# How accurate is Pythons is_land?

I was planning to use Pythons `is_land` function, to differentiate between land and sea. However, after some inspection, I have major concerns in the accuracy. I can't find anything about this in the documentation, so I hoped anyone here could help me.

I initiate the basemap with high resolution, and a low area threshhold to help differentiate:

``````map = Basemap(projection='merc', resolution = 'h', area_thresh=0.001)
``````

When I try this function, it returns true even though I choose points clearly not on land:

``````>>> map.is_land(39.784004,3.345337)
True
>>> map.is_land(39.789808,3.3395)
True
>>> map.is_land(39.799041,3.332291)
True
>>> map.is_land(39.863371,3.346367)
True
``````

The three last ones is out at sea.

Anyone here that has used this function, and maybe got some tips to how I can make it more accurate, or if there is some (preferably) Python substitution, or other open source programmable solution to check if a number of points is at land or not.

Thought maybe I needed to map the points first, no better:

``````>>> map = Basemap(projection='merc', resolution = 'h', area_thresh=0.001)
>>> lat,long = map(39.784004,3.345337)
>>> map.is_land(lat,long)
True
>>> lat,long = map(39.789808,3.3395)
>>> map.is_land(lat,long)
True
>>> lat,long = map(39.799041,3.332291)
>>> map.is_land(lat,long)
True
>>> lat,long = map(39.863371,3.346367)
>>> map.is_land(lat,long)
True
``````

The reason why it doesn't work is because the arguments for `is_land(xin, yin)` are referencing the grid, and aren't latitudinal and longitudinal coordinates, they're simply the index values.

Since `is_land(xin, yin)` takes index values and not lat/long coordinates, you need to find out the index values on the map for the coordinates you're interested in.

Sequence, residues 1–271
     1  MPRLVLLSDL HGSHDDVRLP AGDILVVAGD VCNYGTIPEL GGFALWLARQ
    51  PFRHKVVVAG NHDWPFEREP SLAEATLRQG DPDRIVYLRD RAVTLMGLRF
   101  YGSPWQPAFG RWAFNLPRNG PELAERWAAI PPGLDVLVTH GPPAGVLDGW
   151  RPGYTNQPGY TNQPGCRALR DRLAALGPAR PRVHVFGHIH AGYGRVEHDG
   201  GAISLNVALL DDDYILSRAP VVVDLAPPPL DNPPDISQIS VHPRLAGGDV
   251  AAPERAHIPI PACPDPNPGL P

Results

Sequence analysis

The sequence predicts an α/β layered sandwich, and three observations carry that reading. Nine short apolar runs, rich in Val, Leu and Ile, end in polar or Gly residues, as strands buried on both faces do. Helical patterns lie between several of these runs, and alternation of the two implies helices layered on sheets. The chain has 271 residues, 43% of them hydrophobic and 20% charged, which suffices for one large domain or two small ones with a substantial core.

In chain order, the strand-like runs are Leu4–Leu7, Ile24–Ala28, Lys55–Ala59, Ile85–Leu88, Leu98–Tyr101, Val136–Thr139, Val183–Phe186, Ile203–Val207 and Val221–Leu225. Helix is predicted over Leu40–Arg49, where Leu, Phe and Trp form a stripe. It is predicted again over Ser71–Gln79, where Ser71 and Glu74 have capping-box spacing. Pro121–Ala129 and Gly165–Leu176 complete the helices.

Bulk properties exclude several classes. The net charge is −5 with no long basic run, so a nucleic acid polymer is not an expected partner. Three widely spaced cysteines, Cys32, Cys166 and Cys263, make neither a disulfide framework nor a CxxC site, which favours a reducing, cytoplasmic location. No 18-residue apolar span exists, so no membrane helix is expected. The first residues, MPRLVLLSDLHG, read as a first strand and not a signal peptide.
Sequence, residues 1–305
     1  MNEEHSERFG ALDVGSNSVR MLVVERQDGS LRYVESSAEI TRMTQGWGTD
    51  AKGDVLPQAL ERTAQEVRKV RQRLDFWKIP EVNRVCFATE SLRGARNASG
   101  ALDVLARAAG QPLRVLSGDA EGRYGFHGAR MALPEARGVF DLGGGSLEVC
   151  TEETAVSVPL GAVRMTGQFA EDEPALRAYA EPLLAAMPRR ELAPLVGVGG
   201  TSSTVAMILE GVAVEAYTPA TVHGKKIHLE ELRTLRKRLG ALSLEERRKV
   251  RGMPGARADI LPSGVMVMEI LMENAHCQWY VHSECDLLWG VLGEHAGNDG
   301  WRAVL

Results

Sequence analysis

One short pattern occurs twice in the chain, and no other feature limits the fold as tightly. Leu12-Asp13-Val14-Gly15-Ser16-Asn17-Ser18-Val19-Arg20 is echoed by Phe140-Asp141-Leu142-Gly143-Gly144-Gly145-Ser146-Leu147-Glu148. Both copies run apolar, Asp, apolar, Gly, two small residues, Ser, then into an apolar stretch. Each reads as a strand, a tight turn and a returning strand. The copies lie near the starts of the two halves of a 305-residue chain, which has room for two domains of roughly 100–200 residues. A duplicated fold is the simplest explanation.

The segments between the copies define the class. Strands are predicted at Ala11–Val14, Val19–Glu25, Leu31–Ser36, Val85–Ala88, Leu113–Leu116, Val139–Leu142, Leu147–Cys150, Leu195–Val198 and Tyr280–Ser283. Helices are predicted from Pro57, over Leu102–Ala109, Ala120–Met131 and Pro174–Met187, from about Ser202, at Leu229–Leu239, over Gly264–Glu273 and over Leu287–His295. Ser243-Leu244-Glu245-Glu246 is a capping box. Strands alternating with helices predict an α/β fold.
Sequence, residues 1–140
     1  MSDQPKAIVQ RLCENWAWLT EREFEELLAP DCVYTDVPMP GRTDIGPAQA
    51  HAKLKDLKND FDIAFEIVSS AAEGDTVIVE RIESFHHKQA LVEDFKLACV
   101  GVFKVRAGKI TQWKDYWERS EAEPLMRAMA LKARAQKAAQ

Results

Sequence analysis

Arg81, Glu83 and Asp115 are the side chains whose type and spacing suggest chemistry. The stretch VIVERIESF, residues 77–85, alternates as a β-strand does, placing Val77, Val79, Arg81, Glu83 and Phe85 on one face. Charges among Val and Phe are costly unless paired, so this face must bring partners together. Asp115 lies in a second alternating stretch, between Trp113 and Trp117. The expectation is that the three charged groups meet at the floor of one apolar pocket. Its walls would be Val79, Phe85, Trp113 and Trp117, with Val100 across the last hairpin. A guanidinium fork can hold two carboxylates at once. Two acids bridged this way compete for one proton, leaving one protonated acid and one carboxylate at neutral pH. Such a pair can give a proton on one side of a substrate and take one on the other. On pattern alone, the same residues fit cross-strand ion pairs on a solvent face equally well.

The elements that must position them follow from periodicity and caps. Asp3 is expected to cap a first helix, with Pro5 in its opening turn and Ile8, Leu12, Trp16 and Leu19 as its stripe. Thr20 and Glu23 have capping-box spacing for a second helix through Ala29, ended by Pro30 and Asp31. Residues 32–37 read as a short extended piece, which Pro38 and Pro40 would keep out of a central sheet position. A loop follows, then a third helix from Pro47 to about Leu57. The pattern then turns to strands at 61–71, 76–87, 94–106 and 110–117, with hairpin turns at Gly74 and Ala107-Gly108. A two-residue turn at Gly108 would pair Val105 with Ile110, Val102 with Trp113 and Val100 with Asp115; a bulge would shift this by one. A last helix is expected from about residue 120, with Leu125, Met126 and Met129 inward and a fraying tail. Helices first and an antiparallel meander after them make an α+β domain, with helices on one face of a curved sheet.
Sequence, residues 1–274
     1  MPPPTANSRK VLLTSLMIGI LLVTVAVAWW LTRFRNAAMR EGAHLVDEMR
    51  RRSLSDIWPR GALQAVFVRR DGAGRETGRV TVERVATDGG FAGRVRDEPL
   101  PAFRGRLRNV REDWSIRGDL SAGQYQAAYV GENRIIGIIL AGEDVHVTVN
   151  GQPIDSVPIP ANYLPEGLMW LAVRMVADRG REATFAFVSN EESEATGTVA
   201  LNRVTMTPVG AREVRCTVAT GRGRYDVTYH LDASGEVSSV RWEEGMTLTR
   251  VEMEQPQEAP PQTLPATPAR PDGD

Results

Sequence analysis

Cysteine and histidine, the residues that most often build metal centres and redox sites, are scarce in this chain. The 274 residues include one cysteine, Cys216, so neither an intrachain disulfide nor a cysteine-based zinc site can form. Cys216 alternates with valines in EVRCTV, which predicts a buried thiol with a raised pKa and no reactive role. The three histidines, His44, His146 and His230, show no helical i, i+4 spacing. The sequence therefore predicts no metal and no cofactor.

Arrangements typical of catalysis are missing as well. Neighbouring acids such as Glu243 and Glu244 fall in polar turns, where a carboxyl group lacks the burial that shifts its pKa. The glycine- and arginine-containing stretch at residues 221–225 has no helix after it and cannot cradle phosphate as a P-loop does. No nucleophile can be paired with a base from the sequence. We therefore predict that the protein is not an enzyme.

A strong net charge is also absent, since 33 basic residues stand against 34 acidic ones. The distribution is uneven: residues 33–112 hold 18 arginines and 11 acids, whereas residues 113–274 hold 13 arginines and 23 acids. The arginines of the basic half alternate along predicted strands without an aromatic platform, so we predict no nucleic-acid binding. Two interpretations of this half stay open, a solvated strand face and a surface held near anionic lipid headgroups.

``````map = basemap.Basemap(
area_thresh=10,
resolution="l",
llcrnrlon=0.,
llcrnrlat=-80.,
urcrnrlon=360,
urcrnrlat=80
)
lat, long = -37, 158
x,y = map(long, lat)
>>> map.is_land(x,y)
False
``````

Those `lat` and `long` coordinates are off the coast of Australia, so this works. `x` and `y` don't need to be integers, they can be floats.

EDIT:

Notice that the arguments for `map` are `map(long, lat)`.

The documentation says "Calling a Basemap class instance with the arguments lon, lat will convert lon/lat (in degrees) to x/y map projection coordinates (in meters)".

So you are passing in points around 39.789808E, 3.3395N - those are definitely on land (in Kenya). If you were hoping for points near the coast in Spain, you've just reversed the coordinates. Read the documentation again - "lon, lat".

You are using `lat` and `long` as variable names, but you are really getting X and Y (which would be closer to longitude and latitude, not latitude and longitude).

This is a very common issue in geospatial applications. It usually helps to remember its mostly Cartesian concepts, so X then Y.

I've written a small package with a function that is much faster than basemap.is_land() https://github.com/toddkarin/global-land-mask

It provides a global binary mask of land/ocean at 1 km resolution.